Joint Surveillance System (JSS)
The JSS is a joint United States Air Force and Federal Aviation Administration system for the atmospheric air defense of North America. It replaced the Semi Automatic Ground Environment (SAGE) system in 1983.
The JSS consists of long range surveillance radars, primarily operated and maintained by the Federal Aviation Administration (FAA), but providing communication and radar data to both FAA and United States Air Force control centers.
Air Route Surveillance Radar (ARSR)
FAA equipment is a primarily a mixture of Long Range Air Route Surveillance Radars (ARSR) of various types, although some use legacy AN/FPS radars. They are co-located with UHF ground-air-ground (G/A/G) transmitter/receiver (GATR) facilities at many locations. Fourteen sites have VHF radios as well. The GATR facility provides radio access to fighters and Airborne early warning and control (AEW&C) aircraft from the SOCCs. The JSS has been enhanced under the FAA/Air Force Radar Replacement Program with 44 ARSR-4/FPS-130 radars to replace some of the many previous long-range radars. This provides common, high-performance, unattended radars. The ARSR-4/FPS-130 is a 3-D long range radar with an effective detection range of some 250 miles and has been fully integrated with JSS at all joint use sites.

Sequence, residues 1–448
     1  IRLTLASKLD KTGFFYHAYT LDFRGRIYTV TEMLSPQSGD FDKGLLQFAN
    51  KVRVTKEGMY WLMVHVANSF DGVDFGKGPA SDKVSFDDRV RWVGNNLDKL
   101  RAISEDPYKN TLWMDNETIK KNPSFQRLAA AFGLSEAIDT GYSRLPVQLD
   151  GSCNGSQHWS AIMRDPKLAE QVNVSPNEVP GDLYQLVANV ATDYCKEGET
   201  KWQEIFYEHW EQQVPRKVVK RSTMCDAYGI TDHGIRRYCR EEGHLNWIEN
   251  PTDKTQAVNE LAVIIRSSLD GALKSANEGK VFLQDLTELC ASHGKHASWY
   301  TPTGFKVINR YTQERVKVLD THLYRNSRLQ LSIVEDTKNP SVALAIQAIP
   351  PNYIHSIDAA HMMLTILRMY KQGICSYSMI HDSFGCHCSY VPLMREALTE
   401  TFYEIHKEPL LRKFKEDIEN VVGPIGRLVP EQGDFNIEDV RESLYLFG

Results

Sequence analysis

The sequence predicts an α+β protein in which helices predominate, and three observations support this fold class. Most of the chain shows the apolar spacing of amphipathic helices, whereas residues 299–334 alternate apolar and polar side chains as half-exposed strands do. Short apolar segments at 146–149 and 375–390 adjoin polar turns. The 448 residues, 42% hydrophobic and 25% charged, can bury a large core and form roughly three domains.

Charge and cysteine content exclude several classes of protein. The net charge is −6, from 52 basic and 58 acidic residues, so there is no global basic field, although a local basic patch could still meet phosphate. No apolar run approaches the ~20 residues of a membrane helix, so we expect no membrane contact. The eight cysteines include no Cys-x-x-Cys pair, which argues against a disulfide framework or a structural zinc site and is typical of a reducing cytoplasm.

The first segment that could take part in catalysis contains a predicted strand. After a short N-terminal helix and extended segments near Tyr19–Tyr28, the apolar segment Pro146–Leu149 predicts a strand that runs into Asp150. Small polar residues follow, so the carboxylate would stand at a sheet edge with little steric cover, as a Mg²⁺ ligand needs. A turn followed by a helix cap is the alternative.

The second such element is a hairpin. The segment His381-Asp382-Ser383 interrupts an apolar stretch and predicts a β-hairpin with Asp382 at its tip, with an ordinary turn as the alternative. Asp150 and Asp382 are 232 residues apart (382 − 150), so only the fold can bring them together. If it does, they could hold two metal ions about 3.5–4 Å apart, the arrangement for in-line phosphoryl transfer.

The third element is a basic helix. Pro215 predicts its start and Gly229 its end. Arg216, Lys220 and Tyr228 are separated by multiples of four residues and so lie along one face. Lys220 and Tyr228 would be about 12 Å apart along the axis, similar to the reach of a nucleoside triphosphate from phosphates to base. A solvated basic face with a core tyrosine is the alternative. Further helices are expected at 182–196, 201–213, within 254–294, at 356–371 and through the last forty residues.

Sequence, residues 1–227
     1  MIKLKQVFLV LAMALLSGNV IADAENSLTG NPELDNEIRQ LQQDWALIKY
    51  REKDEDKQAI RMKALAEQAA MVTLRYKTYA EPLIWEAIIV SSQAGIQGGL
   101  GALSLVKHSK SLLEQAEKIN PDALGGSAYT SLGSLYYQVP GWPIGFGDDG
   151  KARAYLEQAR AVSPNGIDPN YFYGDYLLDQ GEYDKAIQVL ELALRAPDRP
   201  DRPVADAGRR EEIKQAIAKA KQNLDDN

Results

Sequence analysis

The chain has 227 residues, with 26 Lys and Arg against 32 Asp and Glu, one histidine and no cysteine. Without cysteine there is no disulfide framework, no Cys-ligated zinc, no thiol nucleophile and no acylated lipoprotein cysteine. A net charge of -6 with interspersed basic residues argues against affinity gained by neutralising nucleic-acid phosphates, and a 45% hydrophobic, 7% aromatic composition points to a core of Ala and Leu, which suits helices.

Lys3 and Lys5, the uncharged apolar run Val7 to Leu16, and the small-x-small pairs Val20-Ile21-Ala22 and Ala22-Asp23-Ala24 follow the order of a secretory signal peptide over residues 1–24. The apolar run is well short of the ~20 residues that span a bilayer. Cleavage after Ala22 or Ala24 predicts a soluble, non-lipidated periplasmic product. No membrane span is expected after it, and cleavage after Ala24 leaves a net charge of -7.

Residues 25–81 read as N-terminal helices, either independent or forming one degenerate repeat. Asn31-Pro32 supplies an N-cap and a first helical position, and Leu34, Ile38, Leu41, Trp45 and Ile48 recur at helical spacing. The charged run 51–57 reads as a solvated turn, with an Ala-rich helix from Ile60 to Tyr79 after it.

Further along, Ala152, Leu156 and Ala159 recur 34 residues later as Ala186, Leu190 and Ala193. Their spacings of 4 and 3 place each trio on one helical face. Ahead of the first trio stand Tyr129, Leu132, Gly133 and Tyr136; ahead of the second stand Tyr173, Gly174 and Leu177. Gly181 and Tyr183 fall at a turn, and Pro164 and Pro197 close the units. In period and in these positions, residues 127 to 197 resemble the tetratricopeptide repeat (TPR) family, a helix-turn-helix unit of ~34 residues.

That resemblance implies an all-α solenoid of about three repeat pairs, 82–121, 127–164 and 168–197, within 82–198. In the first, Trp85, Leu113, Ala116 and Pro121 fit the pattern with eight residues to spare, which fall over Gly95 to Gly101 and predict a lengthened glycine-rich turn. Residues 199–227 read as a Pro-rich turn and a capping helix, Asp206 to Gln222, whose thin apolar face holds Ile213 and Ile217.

These radars are generally unattended except for periodic FAA maintenance crews which visit the sites as necessary.
Source: Joint Surveillance System, Wikipedia
AttributionJim Lee, ClimateViewer News
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